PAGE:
A marvelous overall look to the film, dark but not "Batman" dark, with an art-deco Metropolis and a snazzy Daily Planet newsroom I'd love to work in.
The kid. I know many fanboy types are turned off any time a kid is featured in one of "their" movies, but I actually thought Lois Lane's son was a smart addition to the story and played by a refreshingly genuine child actor.
The final confrontation between Luthor and Superman is jaw-droppingly brutal and intense, and delivers a powerful punch. (I admit though I feel like Luthor doesn't get the comeuppance I feel he truly deserves at the film's end though.)
The just OK:
Sorry, Singer, but Kate Bosworth as Lois Lane is a huge misstep. She's adequate, but rarely more, and lacks the husky lived-in sexiness of Margot Kidder's Lane. Obviously this isn't a straight sequel to the old movies, but still, how are we supposed to believe this doll-faced cherub is a hard-charging reporter? Bosworth just looks too young, and lacks the spark a Rachel McAdams or Rachel Weisz might've brought to the role. She does have a nice chemistry with Routh, though.
I like the notion of Superman leaving Earth for five years and dealing with the ramifications of coming back, yet the movie sometimes left me wanting more. Why exactly did it take five years? What did he see? There's almost another movie or something to be had from that story point alone. And the way Clark Kent kind of just slipped back into his old life after five years' away seemed a bit too simplistic.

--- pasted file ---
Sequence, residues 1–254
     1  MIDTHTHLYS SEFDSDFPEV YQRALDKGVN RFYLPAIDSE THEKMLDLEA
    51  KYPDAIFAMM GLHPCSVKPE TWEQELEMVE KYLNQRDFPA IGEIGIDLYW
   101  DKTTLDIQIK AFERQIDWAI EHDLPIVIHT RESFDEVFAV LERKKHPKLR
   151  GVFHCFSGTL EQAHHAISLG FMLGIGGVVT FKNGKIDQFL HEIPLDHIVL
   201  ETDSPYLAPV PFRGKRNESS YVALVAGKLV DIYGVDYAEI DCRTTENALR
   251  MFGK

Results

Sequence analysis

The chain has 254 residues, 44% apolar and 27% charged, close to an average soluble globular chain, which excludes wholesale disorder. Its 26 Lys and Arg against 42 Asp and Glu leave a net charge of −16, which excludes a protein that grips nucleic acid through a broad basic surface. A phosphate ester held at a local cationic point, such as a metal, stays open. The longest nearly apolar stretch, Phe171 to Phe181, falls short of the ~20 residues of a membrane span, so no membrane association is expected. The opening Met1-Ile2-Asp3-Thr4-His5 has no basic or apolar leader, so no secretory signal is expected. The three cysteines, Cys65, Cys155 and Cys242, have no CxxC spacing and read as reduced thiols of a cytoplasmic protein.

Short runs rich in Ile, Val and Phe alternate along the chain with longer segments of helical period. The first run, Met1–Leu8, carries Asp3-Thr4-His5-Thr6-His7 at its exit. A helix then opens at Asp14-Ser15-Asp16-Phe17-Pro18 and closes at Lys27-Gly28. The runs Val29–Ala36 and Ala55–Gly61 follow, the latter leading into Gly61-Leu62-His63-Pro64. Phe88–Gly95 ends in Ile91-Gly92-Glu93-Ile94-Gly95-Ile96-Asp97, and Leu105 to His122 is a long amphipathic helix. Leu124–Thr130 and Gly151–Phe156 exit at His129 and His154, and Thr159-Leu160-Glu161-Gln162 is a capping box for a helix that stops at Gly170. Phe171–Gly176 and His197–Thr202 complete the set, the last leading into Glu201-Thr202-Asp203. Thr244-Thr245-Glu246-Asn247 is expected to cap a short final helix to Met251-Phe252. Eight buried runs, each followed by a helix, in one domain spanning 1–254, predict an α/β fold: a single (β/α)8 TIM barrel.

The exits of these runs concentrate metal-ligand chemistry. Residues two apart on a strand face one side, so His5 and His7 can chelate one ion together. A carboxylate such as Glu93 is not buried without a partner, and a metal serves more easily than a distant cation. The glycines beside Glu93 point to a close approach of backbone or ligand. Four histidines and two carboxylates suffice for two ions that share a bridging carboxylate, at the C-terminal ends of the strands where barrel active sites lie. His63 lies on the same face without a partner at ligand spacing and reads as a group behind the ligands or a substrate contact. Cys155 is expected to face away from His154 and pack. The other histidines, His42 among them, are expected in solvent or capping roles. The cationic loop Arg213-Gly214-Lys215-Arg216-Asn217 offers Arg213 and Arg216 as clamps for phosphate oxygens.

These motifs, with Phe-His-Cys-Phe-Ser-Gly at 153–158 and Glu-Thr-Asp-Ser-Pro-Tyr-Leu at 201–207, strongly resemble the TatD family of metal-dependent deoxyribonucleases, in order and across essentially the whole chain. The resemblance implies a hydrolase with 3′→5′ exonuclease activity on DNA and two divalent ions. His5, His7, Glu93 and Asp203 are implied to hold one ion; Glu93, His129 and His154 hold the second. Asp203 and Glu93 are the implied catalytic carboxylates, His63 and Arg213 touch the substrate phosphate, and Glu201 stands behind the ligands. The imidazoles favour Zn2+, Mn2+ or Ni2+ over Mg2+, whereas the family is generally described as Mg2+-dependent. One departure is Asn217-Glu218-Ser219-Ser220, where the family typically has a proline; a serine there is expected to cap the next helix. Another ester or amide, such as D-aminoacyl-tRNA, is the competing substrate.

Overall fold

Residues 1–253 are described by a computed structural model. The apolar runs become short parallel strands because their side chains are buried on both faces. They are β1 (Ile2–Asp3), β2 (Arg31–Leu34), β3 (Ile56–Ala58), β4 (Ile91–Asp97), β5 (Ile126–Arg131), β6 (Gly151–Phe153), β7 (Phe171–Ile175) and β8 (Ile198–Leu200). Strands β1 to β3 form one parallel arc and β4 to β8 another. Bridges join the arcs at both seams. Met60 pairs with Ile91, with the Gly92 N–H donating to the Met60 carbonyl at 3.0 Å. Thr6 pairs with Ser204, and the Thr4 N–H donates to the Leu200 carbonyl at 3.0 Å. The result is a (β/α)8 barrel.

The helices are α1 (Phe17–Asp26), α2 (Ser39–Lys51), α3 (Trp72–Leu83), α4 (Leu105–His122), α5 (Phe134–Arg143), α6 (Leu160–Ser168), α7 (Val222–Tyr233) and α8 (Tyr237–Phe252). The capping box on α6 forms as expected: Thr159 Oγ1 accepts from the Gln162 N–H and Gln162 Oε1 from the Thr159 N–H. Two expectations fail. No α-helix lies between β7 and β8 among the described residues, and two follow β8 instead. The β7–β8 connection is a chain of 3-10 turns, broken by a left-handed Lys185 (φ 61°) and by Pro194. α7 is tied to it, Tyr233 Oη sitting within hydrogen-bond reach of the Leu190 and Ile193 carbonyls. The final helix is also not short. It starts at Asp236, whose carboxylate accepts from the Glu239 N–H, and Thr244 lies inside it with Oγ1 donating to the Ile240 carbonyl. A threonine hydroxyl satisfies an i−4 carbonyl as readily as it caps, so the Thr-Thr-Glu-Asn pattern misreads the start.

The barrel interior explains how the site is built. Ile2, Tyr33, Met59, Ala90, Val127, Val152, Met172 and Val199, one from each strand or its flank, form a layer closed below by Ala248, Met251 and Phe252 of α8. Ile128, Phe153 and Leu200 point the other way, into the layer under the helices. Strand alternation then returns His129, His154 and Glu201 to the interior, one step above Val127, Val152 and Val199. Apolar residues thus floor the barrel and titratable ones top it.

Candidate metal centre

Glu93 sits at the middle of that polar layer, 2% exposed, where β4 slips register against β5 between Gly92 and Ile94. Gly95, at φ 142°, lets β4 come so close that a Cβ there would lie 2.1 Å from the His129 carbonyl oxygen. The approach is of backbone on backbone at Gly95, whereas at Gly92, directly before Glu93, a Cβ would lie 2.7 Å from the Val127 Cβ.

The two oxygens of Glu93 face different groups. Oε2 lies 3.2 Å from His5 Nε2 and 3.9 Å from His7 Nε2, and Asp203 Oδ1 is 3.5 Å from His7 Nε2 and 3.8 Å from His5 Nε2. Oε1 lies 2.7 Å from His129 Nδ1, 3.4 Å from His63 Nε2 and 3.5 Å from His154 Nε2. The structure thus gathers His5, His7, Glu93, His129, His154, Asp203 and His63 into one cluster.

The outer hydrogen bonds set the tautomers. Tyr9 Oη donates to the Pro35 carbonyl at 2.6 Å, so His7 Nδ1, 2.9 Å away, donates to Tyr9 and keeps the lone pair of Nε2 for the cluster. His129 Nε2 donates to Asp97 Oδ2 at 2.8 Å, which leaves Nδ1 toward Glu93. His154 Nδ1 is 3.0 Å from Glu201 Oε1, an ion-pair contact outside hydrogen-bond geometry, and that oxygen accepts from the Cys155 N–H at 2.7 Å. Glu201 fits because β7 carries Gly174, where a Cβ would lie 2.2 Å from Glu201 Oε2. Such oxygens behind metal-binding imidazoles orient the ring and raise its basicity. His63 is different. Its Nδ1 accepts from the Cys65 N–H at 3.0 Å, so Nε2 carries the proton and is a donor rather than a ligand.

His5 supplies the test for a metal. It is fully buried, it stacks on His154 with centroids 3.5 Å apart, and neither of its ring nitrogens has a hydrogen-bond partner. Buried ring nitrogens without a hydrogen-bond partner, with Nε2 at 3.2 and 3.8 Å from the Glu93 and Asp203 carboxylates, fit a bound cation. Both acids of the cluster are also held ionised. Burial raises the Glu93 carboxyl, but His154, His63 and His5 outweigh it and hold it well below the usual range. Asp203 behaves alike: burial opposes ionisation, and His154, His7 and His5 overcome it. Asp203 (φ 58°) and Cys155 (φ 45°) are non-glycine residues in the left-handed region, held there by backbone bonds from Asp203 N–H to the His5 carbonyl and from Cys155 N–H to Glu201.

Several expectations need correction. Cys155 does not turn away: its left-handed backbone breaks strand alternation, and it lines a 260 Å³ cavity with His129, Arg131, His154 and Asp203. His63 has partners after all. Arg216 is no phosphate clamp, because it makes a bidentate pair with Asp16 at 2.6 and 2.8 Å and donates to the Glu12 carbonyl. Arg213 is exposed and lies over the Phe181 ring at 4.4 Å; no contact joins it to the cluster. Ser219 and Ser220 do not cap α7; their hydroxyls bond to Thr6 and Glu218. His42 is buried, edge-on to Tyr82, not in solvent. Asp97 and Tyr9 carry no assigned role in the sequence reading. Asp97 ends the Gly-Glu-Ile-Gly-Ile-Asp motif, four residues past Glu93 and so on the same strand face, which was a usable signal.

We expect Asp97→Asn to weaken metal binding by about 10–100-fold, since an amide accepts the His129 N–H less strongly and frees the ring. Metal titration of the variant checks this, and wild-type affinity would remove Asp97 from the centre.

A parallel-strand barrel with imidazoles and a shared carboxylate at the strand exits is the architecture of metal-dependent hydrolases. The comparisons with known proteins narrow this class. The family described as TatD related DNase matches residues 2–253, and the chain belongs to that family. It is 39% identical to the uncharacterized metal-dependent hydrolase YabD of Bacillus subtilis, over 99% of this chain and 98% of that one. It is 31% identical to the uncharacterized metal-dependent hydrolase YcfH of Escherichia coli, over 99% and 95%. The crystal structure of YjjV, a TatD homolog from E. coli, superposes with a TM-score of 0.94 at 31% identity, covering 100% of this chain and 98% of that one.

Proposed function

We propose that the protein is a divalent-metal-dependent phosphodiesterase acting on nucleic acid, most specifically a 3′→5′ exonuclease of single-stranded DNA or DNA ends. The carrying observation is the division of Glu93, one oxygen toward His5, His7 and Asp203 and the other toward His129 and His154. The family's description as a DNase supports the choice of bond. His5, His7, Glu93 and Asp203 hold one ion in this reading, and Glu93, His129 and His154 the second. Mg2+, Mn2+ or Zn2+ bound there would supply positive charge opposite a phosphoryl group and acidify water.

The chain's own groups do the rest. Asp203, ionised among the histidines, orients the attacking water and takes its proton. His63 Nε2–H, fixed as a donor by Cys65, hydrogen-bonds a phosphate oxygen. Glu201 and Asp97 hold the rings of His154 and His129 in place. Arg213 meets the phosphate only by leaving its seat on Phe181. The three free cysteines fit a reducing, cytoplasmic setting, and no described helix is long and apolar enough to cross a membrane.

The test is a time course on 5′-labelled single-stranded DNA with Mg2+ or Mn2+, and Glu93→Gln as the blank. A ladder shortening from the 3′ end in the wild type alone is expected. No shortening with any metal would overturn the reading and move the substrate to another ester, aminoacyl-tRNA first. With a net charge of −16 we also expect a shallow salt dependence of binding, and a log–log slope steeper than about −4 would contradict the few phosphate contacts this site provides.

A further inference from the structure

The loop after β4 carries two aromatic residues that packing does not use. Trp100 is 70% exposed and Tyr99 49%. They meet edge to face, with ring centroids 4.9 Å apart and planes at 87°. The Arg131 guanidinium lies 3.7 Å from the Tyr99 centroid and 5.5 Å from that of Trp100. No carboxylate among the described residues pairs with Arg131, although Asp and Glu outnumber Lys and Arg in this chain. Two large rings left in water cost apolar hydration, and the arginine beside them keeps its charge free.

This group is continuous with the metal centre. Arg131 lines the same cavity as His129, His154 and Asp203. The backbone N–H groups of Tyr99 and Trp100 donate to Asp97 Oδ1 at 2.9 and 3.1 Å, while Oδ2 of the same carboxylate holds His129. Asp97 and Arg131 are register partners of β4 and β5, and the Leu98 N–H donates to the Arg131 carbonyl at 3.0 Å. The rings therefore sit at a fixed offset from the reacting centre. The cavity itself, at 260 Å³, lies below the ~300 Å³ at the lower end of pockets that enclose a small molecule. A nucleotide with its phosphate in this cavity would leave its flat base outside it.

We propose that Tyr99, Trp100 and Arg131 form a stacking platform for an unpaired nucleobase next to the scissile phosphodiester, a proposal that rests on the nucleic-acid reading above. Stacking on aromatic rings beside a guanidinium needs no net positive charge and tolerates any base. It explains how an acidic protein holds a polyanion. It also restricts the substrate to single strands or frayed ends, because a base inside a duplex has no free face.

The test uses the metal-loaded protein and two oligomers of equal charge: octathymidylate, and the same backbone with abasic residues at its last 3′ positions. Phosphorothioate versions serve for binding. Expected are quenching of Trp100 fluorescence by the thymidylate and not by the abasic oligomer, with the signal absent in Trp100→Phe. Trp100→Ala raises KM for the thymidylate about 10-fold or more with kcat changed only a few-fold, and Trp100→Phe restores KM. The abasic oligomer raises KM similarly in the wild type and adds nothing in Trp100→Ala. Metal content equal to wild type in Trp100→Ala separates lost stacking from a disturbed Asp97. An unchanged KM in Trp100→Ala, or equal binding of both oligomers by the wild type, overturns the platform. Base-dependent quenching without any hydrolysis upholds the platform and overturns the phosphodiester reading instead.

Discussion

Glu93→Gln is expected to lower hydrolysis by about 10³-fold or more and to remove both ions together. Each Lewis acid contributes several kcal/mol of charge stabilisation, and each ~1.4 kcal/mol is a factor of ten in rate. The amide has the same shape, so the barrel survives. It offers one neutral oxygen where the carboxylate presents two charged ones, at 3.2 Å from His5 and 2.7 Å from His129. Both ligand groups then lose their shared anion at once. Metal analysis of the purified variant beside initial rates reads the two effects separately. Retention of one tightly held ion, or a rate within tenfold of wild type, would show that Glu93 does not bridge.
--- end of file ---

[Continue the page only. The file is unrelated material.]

Singer is a fine director, but his ambition nearly derails the movie a couple times. It sometimes feels like a director's cut. It's too long by about 15 minutes, and takes a little while to get going. He lays on the Superman-as-Jesus metaphors far too thickly, to the point where it begins to feel artless and forced. (Although the movie's final scenes, featuring a badly wounded hero, were terrific.)
And while I love the old "Superman" movies, there's part of me that feels "Returns" errs a little too much toward being a remake rather than a total reinvention. Beside recycling the theme music, resurrecting Marlon Brando, the carved beauty of the Fortress of Solitude and even several dialogue lines from the original, the overall plot bears an awful strong resemblance to the first "Superman" movie (Superman vs. Luthor over some world-shattering real estate scheme). It's a good movie, but if there's a sequel I'd like to see them strike out in an entirely new direction.
Jimmy Olsen. Sorry, but this kid has only worked for me in the goofy 1950s and 1960s comics.
If Krypton crystals grow in water, why doesn't the Fortress of Solitude surrounded by ice take over the planet?
Despite the movie's flaws (and really, I can't think of a comics movie that's been flawless), I do find that I keep thinking about "Superman Returns." It sticks in your head, and Singer's visual imagery feels timeless and powerful. The first superhero has a movie that nearly lives up to its potential.